The Cow Collar Wearable: How Halter benefits from FreeRTOS
Who is Halter, and what IoT product are they building?
Halter (https://halterhq.com), based in New Zealand, is an agri-tech original equipment manufacturer (OEM) that focuses on cattle herd management. Halter creates GPS enabled, solar powered smart collars for cows. The collar hardware allows farmers to interact with an easy-to-use app to remotely set geographic boundaries for cattle or virtual fences. Farmers use Halter’s system to avoid physically herding cows, maximizing farmer time and productivity.
Halter uses microcontrollers (MCU) in their cow collars to shift cows, collect and send data to AWS IoT, and upgrade firmware and features over-the air (OTA). The connectivity protocols used, LoRA and Wi-Fi, are well-thought out. LoRA provides low power, low data rate connectivity for small sensor data packets in rural areas with spotty cellular connectivity. On the other hand, Wi-Fi provides high bandwidth connectivity to quickly update device firmware.
What problem is Halter solving for farmers?
Halter allows farmers to remotely manage and monitor their herd, improving their work-life balance, providing tools to precisely manage farm operations and maximize milk production. The IoT data acquired from the cows can be fed into machine learning models to enable cattle management in real time and in production optimization strategies such as calving likelihood predictions as well as geo-fencing capabilities and animal movement patterns that ensure animal health and dairy productivity safety via temperature monitoring. Halter is able to perform machine learning through its data ingestion and enrichment pipelines with continued innovation and areas of opportunity available to its Data Scientists through a data lake strategy.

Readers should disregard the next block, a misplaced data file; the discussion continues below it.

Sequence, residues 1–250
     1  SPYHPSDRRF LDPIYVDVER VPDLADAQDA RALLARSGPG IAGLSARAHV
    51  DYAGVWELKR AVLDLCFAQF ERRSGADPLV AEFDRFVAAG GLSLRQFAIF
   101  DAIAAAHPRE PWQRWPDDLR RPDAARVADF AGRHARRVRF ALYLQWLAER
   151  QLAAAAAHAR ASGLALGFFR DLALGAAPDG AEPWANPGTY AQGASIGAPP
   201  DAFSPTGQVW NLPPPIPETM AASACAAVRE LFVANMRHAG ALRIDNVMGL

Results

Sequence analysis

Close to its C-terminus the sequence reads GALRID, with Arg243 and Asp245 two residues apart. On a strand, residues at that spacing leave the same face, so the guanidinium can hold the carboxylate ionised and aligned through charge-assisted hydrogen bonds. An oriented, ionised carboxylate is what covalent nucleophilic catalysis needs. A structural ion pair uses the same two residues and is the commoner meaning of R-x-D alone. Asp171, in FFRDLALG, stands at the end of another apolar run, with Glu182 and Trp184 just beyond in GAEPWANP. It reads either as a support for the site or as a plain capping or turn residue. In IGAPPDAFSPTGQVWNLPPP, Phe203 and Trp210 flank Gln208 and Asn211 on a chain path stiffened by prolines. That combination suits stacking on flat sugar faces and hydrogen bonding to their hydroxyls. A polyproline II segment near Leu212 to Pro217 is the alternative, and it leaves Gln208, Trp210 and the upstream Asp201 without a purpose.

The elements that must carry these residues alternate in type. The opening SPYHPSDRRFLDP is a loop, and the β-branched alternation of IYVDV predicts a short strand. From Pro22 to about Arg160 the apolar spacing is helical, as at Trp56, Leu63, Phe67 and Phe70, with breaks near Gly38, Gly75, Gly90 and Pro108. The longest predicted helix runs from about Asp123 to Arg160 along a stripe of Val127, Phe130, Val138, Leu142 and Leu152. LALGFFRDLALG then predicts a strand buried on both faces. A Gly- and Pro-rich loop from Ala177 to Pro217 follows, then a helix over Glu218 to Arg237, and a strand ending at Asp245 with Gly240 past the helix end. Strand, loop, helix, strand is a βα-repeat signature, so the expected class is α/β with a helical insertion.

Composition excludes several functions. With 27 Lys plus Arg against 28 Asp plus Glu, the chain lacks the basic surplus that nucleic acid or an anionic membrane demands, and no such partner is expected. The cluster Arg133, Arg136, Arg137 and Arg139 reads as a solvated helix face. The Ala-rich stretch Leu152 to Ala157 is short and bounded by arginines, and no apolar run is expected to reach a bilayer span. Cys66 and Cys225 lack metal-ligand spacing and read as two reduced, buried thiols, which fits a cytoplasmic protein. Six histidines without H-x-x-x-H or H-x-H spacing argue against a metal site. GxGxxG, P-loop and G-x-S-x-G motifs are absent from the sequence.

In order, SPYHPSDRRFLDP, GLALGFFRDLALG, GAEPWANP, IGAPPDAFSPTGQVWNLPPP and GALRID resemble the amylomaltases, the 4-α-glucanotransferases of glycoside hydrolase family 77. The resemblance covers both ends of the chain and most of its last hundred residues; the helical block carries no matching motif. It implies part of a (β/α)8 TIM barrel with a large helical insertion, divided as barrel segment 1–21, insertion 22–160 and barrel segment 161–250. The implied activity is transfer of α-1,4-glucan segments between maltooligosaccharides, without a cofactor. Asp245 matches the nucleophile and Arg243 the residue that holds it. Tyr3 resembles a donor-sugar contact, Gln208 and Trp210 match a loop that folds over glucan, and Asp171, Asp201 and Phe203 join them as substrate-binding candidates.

What was Halter’s problem in building a solar powered cow collar?
- High development time and cost: Updating millions of IoT devices with security patches, bug fixes and new features using the traditional method of calling technicians is expensive and impractical. Halter chose a cloud based over-the-air (OTA) update approach, but soon found it challenging and time-consuming to design an end-to-end, secure, reliable, and trusted OTA solution for their microcontroller-based devices with limited compute power and memory. Halter wanted to send real time log shipping, diagnostic commands with a simple scripting interface. It is challenging to design a solution that stores device logs locally, only sending logs to the cloud when the device is turned on.
- High power consumption: The cow collars are solar powered 24/7, with a very tight power budget. It’s important to minimize power consumption in the microcontrollers and radios that constitute the cow collars.